post #36 of 64

 

Hi, Skied the 7.9 in a 179cm for 2 weeks in all the Tahoe resorts Early April. within 5 mins. of getting out of the car I was thinking of charging skiers £1 to look and £5 to feel (the skis). 

 

They say a Bumble Bee should not be able to Fly but it does. 

 

BBR = Bumble Bee Revised. 

 

I have skied for nearly 40 years (missed last year) and these are the best leap forward since Olin launched the Mark IV. 

 

Short, Long, Hard packed, Powder. not once did they let me down, slight bounce over some Death Cookies 1st thing in the morning but hay ho should look where I am going at that speed.

 

Cried when I had to send them back to Salomon.

 

Also had the New Salomon Access 80 Boots - Fit my Web Feet a treat - If you have WIDE feet with a HIGH instep then your problems are over (Kept them!!)

post #37 of 64
Quote:
Originally Posted by TheDad View Post

 The target appears to be an aging terminal intermediate who wants a ski that can handle most conditions he might encounter during the 7 days or so he skis each year at the places he flies to.


I liked them on my 44th day of skiing this year at my home mountain.  I suppose I'll admit to the aging part.

 

I tried them out in late season heavy crud and packed out snow.  They turned when and where I told them to, without complaint or need for coddling.  I didn't try them out for speed since I wasn't interested in groomed performance, but on the little bits of ice and groom that I had to navigate they held on just fine.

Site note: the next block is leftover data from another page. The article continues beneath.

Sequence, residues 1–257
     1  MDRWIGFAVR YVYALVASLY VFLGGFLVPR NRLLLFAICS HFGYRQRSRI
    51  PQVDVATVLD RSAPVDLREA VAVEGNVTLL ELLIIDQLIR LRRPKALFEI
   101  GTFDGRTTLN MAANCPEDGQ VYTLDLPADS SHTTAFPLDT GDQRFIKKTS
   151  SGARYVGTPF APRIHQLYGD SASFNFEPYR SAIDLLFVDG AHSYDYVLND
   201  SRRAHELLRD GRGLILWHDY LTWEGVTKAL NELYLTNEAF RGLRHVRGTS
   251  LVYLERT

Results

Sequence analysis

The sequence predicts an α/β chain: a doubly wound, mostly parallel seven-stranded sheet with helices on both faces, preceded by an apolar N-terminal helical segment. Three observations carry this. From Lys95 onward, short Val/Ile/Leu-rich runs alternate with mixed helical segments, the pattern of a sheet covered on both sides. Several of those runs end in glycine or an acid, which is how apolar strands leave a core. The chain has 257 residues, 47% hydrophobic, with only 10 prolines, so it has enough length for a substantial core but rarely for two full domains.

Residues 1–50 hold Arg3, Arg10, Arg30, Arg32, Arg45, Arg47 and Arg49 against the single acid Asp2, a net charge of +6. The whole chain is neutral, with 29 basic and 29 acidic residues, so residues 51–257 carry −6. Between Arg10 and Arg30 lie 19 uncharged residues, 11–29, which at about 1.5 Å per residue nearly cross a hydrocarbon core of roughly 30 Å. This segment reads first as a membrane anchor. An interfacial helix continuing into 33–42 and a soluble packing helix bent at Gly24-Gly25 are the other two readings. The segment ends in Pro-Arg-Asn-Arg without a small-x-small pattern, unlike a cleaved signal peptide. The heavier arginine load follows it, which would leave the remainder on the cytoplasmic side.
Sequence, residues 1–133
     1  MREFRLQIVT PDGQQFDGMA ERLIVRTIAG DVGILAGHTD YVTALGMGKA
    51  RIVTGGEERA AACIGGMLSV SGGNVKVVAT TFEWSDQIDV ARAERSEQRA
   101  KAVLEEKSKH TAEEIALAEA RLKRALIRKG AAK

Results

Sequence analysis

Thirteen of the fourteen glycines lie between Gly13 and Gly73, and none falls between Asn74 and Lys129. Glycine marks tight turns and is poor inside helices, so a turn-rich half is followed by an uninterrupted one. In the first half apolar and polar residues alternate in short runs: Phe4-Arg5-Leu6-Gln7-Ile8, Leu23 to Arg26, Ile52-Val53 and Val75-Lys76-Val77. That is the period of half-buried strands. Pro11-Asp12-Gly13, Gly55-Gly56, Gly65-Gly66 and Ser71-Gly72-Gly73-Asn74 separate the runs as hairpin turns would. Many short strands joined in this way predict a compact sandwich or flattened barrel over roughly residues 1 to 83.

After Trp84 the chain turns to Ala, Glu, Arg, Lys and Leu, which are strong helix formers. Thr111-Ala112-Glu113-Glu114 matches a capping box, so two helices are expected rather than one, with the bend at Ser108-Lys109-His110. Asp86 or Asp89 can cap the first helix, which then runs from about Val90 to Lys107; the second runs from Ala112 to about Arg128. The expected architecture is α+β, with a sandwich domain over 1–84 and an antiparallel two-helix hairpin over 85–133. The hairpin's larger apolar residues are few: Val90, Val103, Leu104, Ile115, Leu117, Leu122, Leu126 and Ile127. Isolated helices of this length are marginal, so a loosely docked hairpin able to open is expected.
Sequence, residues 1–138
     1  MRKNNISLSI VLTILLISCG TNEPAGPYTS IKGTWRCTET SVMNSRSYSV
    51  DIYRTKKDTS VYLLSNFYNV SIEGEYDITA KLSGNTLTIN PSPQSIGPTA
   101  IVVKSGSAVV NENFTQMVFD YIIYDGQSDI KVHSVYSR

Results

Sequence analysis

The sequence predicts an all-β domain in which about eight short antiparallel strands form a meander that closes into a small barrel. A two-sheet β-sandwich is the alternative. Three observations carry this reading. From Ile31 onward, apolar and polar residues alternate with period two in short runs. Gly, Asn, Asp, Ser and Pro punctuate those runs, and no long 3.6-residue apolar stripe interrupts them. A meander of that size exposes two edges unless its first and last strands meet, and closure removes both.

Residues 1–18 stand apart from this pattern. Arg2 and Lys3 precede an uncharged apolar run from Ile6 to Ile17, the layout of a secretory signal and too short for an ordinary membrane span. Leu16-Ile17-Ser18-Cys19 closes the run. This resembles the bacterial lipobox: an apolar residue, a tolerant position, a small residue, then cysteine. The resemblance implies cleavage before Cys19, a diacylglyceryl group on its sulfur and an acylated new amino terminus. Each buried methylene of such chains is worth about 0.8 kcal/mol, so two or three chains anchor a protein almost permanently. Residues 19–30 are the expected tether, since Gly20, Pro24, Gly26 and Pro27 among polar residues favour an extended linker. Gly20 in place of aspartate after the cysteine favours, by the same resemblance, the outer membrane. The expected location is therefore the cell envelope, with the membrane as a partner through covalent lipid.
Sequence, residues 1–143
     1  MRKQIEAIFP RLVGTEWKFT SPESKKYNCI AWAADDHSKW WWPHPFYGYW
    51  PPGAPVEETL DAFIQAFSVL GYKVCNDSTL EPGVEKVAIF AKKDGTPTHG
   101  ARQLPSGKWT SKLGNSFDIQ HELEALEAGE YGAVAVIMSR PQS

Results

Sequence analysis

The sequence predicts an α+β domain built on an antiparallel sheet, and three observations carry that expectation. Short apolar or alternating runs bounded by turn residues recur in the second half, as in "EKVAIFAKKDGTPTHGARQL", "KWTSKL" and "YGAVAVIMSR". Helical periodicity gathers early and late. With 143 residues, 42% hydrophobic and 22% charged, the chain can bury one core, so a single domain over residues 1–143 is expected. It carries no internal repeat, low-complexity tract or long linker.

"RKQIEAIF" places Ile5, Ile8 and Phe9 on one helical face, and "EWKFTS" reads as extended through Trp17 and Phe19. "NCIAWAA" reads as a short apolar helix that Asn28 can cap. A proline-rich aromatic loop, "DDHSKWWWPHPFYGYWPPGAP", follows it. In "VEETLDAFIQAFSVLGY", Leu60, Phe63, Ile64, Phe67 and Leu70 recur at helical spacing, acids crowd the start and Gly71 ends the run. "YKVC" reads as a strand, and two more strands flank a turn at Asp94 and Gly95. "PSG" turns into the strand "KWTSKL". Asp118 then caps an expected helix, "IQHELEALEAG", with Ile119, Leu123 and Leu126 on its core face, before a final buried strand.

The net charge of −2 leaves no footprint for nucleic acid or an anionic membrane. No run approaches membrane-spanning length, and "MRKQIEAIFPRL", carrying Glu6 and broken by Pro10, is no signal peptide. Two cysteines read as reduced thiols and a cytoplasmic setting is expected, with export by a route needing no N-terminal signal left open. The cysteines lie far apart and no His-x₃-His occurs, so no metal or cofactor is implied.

I don't think I'll buy a pair because they want too much for them and they don't feel revolutionary to me.  However, this terminal intermediate thinks that they're a pretty decent ski that would work very well as a one ski quiver.

 

post #38 of 64
Quote:
Originally Posted by Posaune View Post

I liked them on my 44th day of skiing this year at my home mountain. 

 

Thereby illustrating the presence of exceptions to each and every rule.

post #39 of 64

@ Noodler I had the same problem with those skis. I just couldn't finish the turn the way i wanted to. My friend Pat From PM gear told me to Set the binding back an inch and a half. I was amazed i couldn't believe how well it worked. The salomon BBR is my new favorite ski for powder. I love it cause i love powder skiin, but i like to squeeze in groomers on my ski days. Check out the BRO 195 ski from PM gear. It is my favorite all around ski. The thing is badass. My friend clocked me at 85 MPH going through crud. I was sh*tting my self the way doen, but the skis were completely stable and handled the crud with ease.

post #40 of 64

I've also skied both the SuperBro (which I own) and the BBR (which I demoed).

 

As far as I can tell, the only thing the skis have in common is that you and I have both skied them.

post #41 of 64

Your new favorite powder ski is 88mm underfoot?  You must be really light.

post #42 of 64
Quote:
Originally Posted by TheDad View Post

I've also skied both the SuperBro (which I own) and the BBR (which I demoed).

 

As far as I can tell, the only thing the skis have in common is that you and I have both skied them.



These skis ARE at two ends of the spectrum, that is for sure. [thread drift] I had an opportunity to have Blossom to make the Super Bro/Boss in a 185, but we couldn't get enough pre orders...that would have been a sweet ski. [/thread drift]